HASTINGS, Theophilus (1696-1746)

HASTINGS, Theophilus (1696–1746)

suc. half-bro. 22 Feb. 1705 (a minor) as 9th earl of HUNTINGDON

First sat 20 Mar. 1723; last sat 31 Jan. 1744

b. 12 Nov. 1696, 2nd surv. s. of Theophilus Hastings, 7th earl of Huntingdon, being 1st s. with his 2nd w. Frances (d.1723), da. of Francis Leveson Fowler of Harnage Grange, Salop; half-bro. of George Hastings, 8th earl of Huntingdon. educ. Christ Church, Oxf. matric. 10 Oct. 1712. m. 3 June 1728, Selina (1707-91), da. and coh. of Washington Shirley, 2nd Earl Ferrers, 4s. (2 d.v.p.), 3da. (1 d.v.p.). d. 13 Oct. 1746; admon. 4 Nov. 1746 to wid.1

Gov. Foundling Hospital 1739-d.2

Associated with: Donington Park, Leics.;3 Chelsea Farm, Chelsea;4 The Grove, Enfield Chase, Mdx. (from 1731);5 no. 2 Savile Row, Westminster (1735-40);6 no. 12 Downing St., Westminster (from 1744).7

Likeness: mezzotint by John Faber, aft. Sir G. Kneller, 1733, NPG D30852.

Theophilus Hastings was the younger half-brother of George Hastings, who had become 8th earl of Huntingdon at their father’s death in May 1701. The 8th earl had bestowed his Yorkshire estates centred on Ledstone on his sister, Lady Elizabeth Hastings, and it was at Ledstone Hall that Lady Elizabeth supervised the upbringing and education of her half-brother Theophilus and his five surviving siblings. He inherited the Huntingdon title, and its principal estates in Leicestershire and Derbyshire, upon the death on 22 Feb. 1705 of his unmarried and childless half-brother.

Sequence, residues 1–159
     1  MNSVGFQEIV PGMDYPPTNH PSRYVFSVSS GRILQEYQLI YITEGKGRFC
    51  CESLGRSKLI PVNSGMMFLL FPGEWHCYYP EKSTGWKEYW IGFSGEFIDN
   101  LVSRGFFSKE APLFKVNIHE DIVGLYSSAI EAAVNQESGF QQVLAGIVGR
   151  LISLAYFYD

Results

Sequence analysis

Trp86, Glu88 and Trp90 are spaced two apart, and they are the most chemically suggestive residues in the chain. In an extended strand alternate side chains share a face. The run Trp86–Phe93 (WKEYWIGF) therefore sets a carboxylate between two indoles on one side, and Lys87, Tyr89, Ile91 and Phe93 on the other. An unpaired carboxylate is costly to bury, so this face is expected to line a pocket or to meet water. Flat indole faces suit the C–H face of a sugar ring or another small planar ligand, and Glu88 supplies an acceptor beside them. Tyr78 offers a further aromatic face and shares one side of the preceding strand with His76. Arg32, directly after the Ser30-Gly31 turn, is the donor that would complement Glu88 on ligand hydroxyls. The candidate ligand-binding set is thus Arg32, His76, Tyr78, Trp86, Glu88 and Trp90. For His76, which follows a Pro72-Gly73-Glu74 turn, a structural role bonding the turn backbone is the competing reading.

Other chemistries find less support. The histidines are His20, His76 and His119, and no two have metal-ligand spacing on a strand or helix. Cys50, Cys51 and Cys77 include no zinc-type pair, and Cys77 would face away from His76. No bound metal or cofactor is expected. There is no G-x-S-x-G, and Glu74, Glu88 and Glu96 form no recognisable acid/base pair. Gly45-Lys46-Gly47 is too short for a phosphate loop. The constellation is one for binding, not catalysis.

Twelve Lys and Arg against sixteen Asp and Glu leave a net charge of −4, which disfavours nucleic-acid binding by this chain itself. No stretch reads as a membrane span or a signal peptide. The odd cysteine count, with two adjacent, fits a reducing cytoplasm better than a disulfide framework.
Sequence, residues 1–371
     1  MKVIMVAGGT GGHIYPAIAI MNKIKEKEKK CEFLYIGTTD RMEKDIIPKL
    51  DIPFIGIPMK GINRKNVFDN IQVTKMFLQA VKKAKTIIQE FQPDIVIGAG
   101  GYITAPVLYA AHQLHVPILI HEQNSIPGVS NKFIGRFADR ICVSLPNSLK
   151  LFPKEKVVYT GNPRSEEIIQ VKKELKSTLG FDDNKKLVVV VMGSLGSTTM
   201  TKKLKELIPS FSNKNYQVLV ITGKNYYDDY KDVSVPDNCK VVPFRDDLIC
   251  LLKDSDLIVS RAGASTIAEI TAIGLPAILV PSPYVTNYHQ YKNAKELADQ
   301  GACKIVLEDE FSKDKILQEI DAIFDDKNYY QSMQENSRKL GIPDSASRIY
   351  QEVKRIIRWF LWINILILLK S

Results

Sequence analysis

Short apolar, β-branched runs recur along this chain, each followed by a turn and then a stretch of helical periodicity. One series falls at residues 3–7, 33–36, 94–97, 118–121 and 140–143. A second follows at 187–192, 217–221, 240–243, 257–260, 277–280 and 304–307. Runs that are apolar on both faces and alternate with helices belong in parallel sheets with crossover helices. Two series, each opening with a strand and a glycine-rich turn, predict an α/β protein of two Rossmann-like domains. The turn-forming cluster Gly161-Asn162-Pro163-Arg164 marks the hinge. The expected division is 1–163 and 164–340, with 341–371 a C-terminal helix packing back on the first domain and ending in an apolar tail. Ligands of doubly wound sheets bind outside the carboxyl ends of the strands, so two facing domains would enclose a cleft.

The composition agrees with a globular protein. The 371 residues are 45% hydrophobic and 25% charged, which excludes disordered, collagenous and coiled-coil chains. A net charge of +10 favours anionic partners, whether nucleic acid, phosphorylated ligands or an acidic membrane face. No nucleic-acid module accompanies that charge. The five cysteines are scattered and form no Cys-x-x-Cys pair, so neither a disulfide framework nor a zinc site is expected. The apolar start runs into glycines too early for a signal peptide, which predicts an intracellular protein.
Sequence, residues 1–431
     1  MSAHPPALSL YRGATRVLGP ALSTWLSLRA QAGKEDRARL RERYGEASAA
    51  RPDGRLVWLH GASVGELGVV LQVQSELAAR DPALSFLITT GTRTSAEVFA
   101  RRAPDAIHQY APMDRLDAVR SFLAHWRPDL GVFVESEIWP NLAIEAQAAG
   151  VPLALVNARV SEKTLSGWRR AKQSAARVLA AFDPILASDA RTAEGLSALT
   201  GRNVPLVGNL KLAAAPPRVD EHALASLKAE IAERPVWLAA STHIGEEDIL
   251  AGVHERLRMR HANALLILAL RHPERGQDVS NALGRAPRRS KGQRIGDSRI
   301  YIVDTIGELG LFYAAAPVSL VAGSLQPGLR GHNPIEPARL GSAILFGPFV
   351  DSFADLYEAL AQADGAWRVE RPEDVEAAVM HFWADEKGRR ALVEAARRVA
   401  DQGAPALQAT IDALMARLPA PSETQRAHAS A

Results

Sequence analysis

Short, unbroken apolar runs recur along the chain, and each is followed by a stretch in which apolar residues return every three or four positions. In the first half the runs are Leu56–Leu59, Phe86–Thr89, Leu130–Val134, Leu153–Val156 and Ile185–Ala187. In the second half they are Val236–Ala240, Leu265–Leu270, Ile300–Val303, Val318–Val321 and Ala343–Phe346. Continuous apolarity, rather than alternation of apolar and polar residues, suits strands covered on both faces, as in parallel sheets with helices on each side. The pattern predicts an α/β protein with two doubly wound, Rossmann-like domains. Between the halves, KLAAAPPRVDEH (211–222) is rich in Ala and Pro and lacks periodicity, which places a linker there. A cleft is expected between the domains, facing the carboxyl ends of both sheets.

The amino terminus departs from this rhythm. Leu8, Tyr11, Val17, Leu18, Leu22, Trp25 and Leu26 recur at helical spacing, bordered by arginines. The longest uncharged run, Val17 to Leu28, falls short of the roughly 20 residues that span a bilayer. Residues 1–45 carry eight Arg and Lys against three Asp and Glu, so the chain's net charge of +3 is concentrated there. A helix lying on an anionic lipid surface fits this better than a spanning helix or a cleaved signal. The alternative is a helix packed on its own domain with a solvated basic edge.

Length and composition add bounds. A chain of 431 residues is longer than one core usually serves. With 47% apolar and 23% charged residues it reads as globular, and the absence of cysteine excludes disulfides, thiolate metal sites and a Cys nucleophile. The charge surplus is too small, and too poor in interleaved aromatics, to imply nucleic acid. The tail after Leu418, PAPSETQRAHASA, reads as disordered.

A minor of eight years old when he inherited the title, the 9th earl of Huntingdon did not reach his majority until late 1717 and did not take his seat in the House until 20 Mar. 1723. From that time to his last sitting on 31 Jan. 1744 he came to only 168 meetings of the House. He did not play an active role in public life and held no local or national offices. Henry St John, Viscount Bolingbroke, was one of many contemporaries who regretted Huntingdon’s refusal to participate in public life, as he made clear in the epitaph he composed for his friend’s memorial in the church of Ashby-de-la-Zouch:

Capable of excelling in every form of public life, He chose to appear in none. His mind fraught with knowledge, His heart elevated with sentiments of unaffected patriotism, He looked down from higher ground on the low level of a futile and corrupt generation. Despairing to do national good, He mingled as little as his rank permitted in national affairs.8


  • 1 TNA, PROB 6/122, f. 238v.
  • 2 History of the Foundling Hospital, 345; HMC Hastings, iii. 22-23.
  • 3 HMC Hastings, iii. 38, 44.
  • 4 Lysons, Environs of London, ii. 91.
  • 5 HMC Hastings, iii. 19, 43, 61, 64.
  • 6 Survey of London, xxxii. 566-72; Nicholas and Wray, History of the Foundling Hospital, 345.
  • 7 Survey of London, xiv. 154-9; HMC Hastings, iii. 41-42.
  • 8 HMC Hastings, iii. vi-vii; TNA, PRO 30/24/28.